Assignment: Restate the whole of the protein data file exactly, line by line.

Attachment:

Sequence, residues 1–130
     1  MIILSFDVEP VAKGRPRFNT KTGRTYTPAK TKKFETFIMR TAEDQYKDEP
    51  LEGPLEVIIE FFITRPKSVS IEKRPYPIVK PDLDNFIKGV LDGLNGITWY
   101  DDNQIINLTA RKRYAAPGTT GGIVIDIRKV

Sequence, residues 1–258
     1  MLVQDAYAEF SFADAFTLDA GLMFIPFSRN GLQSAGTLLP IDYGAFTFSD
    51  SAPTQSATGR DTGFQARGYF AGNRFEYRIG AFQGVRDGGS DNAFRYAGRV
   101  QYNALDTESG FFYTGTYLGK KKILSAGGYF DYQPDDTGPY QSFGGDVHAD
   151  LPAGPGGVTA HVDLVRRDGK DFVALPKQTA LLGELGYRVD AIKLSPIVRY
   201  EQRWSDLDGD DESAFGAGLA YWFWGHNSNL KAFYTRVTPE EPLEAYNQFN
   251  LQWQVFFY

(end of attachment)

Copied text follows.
Sequence, residues 1–130
     1  MIILSFDVEP VAKGRPRFNT KTGRTYTPAK TKKFETFIMR TAEDQYKDEP
    51  LEGPLEVIIE FFITRPKSVS IEKRPYPIVK PDLDNFIKGV LDGLNGITWY
   101  DDNQIINLTA RKRYAAPGTT GGIVIDIRKV

Sequence, residues 1–258
     1  MLVQDAYAEF SFADAFTLDA GLMFIPFSRN GLQSAGTLLP IDYGAFTFSD
    51  SAPTQSATGR DTGFQARGYF AGNRFEYRIG AFQGVRDGGS DNAFRYAGRV
   101  QYNALDTESG FFYTGTYLGK KKILSAGGYF DYQPDDTGPY QSFGGDVHAD
   151  LPAGPGGVTA HVDLVRRDGK DFVALPKQTA LLGELGYRVD AIKLSPIVRY
   201  EQRWSDLDGD DESAFGAGLA YWFWGHNSNL KAFYTRVTPE EPLEAYNQFN
   251  LQWQVFFY